When Cardinal Keith O’Brien, Primate of Scotland, went all Dirty Harry last month on proposals to legalise gay marriage, the wider world witnessed fissures within Catholicism more reminiscent of the Anglican Communion than the Church of Rome, with its presumed conformity. It was “madness”, the cardinal declared, to advocate gay marriage. It “represents a grotesque subversion of a universally accepted human right”. It was like bringing back “slavery”.
Meanwhile the Catholic Archbishops of Westminster and Southwark, Vincent Nichols and Peter Smith, issued an irenic “pastoral” letter. “We have a duty to married people today,” they wrote, “and to those who come after us, to do all we can to ensure that the true meaning of marriage is not lost for future generations.” Evidence of disagreement on this and other matters was more conspicuous in the Catholic media, where much of the fragmented state of Church identity is played out.
In the broadest terms, Catholicism in the west is divided between the “scruffies” – who strive for an inclusive “big tent” Church (accepting a pluralism of viewpoints and practice, especially on sexual morality and gender) – and the “straights”, who espouse a strictly defined identity, obedient to papal teaching, and declare, for instance, that you can’t help it if you’re gay but it’s a grave sin to get up to anything.
The Catholic journalist Damian Thompson, a vociferous “straight”, attacked the inclusivist-inclined Archbishop Nichols from his Telegraph blog, accusing him of “PC waffling”, and of currying favour with Catholic homosexuals by allowing “rainbow activists” to celebrate “diversity” with gay-friendly Masses in Soho. Archbishop Nichols, he opined, had become wobbly on same-sex legal unions. Thompson, nicknamed “the blood-crazed ferret” by liberal Catholic journalists (charity is not high on the virtue agenda of Catholic bloggers), is a former editor of the conservative Catholic Herald. That paper weighed in to praise Cardinal O’Brien for his “courage”, blaming the gay marriage proposal, and its defenders and fence-sitters, on “metropolitan liberals”.
Included in the Herald’s liberal hall of infamy was its chief competitor, the international weekly newspaper the Tablet, a routine victim of Thompson’s sharp tongue. The Tablet had roundly criticised Cardinal O’Brien for his “ill-chosen words”, accusing him of doing “a disservice to the cause he is trying to support”. The paper also hosted in its pages an article by the feminist Catholic theologian Tina Beattie, who opined that “maybe we heterosexuals need the marriages of our homosexual friends to help us to understand what marriage looks like when it’s not corrupted by traditions of domination and subordination”.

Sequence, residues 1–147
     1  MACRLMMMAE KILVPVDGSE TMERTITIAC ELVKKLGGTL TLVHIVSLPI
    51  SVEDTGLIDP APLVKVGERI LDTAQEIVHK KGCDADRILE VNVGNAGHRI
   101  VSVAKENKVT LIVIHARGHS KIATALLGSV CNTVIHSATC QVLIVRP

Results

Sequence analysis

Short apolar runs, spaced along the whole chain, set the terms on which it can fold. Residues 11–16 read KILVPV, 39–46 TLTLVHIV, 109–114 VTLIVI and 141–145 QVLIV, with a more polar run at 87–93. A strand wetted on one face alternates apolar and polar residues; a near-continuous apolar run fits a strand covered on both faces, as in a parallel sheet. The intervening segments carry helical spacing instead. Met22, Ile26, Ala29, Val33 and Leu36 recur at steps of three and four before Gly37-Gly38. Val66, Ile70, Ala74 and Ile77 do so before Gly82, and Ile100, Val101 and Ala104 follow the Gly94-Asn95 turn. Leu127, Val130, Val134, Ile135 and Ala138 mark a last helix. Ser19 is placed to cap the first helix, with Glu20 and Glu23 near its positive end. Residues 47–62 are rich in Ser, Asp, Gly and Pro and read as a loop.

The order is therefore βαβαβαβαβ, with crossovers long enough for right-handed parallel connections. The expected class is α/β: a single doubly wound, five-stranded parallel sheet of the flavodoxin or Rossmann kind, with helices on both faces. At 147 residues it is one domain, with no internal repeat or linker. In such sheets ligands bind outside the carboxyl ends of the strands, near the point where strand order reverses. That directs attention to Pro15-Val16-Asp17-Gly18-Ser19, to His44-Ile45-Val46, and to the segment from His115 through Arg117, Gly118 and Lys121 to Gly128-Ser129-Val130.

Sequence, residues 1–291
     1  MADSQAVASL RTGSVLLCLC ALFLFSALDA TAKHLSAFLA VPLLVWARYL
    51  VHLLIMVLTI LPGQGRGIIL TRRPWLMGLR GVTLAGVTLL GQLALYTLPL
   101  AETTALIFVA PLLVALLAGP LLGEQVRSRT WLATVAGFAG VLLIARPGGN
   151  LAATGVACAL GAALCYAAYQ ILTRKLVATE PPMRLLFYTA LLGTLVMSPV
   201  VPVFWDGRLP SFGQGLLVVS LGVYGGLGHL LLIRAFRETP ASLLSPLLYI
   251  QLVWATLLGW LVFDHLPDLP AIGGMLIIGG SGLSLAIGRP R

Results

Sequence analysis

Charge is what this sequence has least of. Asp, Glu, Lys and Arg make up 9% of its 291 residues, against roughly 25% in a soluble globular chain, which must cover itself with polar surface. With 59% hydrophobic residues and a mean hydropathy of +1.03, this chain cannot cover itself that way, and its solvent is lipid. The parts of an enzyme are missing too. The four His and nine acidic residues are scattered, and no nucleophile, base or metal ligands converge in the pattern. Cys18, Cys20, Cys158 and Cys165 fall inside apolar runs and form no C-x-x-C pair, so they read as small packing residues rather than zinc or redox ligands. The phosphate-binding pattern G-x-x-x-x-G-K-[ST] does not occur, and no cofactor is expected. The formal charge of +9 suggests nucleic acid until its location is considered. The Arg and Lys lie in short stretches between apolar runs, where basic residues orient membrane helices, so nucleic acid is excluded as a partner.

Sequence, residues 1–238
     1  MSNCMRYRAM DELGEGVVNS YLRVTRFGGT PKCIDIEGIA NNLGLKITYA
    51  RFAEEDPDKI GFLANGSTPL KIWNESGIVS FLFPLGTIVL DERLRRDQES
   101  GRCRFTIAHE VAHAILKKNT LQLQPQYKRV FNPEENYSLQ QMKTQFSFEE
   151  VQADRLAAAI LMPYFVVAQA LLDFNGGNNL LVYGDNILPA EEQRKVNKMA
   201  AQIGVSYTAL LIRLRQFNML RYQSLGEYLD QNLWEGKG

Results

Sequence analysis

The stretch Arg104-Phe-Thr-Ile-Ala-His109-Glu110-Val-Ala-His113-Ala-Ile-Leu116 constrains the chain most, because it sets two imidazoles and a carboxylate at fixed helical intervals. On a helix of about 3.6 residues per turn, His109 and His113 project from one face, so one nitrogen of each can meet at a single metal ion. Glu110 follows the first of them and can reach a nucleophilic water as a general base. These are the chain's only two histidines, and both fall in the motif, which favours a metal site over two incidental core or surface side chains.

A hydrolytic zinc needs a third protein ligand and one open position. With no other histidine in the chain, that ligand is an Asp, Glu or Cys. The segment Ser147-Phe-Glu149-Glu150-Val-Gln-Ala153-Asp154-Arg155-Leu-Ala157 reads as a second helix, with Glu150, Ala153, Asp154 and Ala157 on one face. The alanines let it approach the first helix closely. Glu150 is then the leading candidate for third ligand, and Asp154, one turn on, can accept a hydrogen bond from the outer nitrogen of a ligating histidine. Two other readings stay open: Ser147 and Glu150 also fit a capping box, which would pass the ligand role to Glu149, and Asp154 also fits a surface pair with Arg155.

As the prospects for schism in the Anglican Church loom large with Rowan Williams’s imminent departure from Canterbury, the Catholic Church is obviously not speaking with one voice. The Anglican Communion lacks a pope to impose conformity by putting a bit of stick about; and Benedict XVI has not been slow to declare that marriage is “by nature” designed for the procreation of children. Yet many scruffies who yearn for more local discretion and freedom of thought and expression believe that the papal stick is part of the problem of Catholicism’s centrifugal tendencies, not the solution.
Up to the 1950s, we Catholics knew what we believed. We walked in step – even though it felt at times like a goose-step. We attended an identical Mass the world over, incomprehensibly in Latin (liturgical conformity is not always what it’s cracked up to be). With a Darwinian instinct for survival against all predators, we were conscious of the difference between Catholic and non-Catholic – me and not me.
Then came the Second Vatican Council of the 1960s, when the Catholic Church began to engage with society, other Christian denominations and other religions. The Council called for a decentralised Church. The leading metaphor was a “pilgrim people of God on the move”, instead of the “Citadel” of previous modern popes. Catholics were invited to converse rather than merely listen and obey. So we discussed sex and gender issues: contraception, divorce, remarriage, married priests, women priests, being gay . . . We discussed; but nothing much changed, except that 100,000 clergy left the priesthood, mostly because they no longer wished to remain celibate.
Through the 1970s and 1980s, as the post-conciliar enthusiasms settled and soured, the Church was dividing between conservatives, who believed that the surrender of authority from the centre had gone too far, and progressives, who believed that the process had gone full speed into reverse. A case in point was Pope Paul VI’s verdict against contraception in 1968. Had the bishops and the faithful been given the freedom to decide, in keeping with the proposed decentralised norms, on whether contraception was a sin or not, Catholics would have been allowed to practise contraception in good conscience. Paul VI’s verdict meant that they could not.